Run the Setup File from Command Line

Open an Anaconda Command Prompt (type anaconda into the Windows Start menu). Navigate to the OpenSim Installation folder and find the subfolder sdk which contains the script

cd C:\OpenSim 4.0\sdk\Python

Run the python script by typing:

python install

This will copy the required files and folders into the Anaconda directory.

Test Installation

Start the Spyder integrated development environment, installed by Anaconda, by typing spyder into the Windows Start menu. Run the following in the interpreter that appears within Spyder:

import opensim

If there is no error, then the installation worked.

Having trouble?

If you are having trouble with getting python wrapping to work on Windows, the issue is almost certainly one of the following:
  1. You are trying to use 32-bit Python with 64-bit OpenSim libraries. If you are using 64-bit OpenSim libraries, make sure to use 64-bit python.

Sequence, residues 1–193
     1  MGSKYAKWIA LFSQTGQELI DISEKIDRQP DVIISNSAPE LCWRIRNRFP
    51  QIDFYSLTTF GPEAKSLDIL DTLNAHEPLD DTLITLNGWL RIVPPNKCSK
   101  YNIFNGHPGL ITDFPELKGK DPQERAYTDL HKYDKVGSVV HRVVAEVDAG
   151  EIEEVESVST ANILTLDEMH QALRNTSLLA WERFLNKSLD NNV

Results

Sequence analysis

2. OpenSim's DLLs are not on your PATH. In a command window, you could achieve this with a command like "set PATH=C:\OpenSim 4.0\bin;%PATH%"


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macOS comes with Python 2.7, but you may also want to obtain Python through Homebrew or the Anaconda Python distribution. Note that the Python package that comes with the OpenSim GUI distribution was built to use the Python that comes with macOS, and it will not work with Homebrew's Python or with Anaconda Python; in the latter cases, you must compile OpenSim from the source code.

Navigate to the location of the opensim python package within the OpenSim installation. If you are using OpenSim's GUI distribution, this location is likely /Applications/OpenSim 4.x/sdk/Python. If you built OpenSim from source, this location is likely <OPENSIM_INSTALL_DIR>/lib/python2.7/site-packages. Perform the following (modifying the path below if necessary):

$ cd /Applications/OpenSim 4.0/sdk/Python
$ sudo python install

The OpenSim libraries must be on your DYLD_LIBRARY_PATH:


You can place the above `export` commands in your `~/.bash_profile` file so that they are set whenever you open up a new terminal.

You should be ready to use the Python wrapping now. Try the following from any directory:

$ python
>>> import opensim
>>> m = opensim.Model()